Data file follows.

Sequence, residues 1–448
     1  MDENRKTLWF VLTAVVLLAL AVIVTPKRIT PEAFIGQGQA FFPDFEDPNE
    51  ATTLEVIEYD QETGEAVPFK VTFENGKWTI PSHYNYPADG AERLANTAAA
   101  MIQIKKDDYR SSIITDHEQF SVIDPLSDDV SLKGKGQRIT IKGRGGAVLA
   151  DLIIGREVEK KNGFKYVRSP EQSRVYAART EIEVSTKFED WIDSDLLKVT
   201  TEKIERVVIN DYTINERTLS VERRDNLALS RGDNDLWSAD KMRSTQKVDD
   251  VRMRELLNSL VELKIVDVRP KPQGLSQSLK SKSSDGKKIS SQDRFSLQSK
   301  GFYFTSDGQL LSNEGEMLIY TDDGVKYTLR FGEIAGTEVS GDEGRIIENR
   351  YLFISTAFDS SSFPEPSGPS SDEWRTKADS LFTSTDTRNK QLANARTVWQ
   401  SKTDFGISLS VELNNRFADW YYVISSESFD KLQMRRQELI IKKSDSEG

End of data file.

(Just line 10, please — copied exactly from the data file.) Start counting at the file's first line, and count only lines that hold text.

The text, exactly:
   401  SKTDFGISLS VELNNRFADW YYVISSESFD KLQMRRQELI IKKSDSEG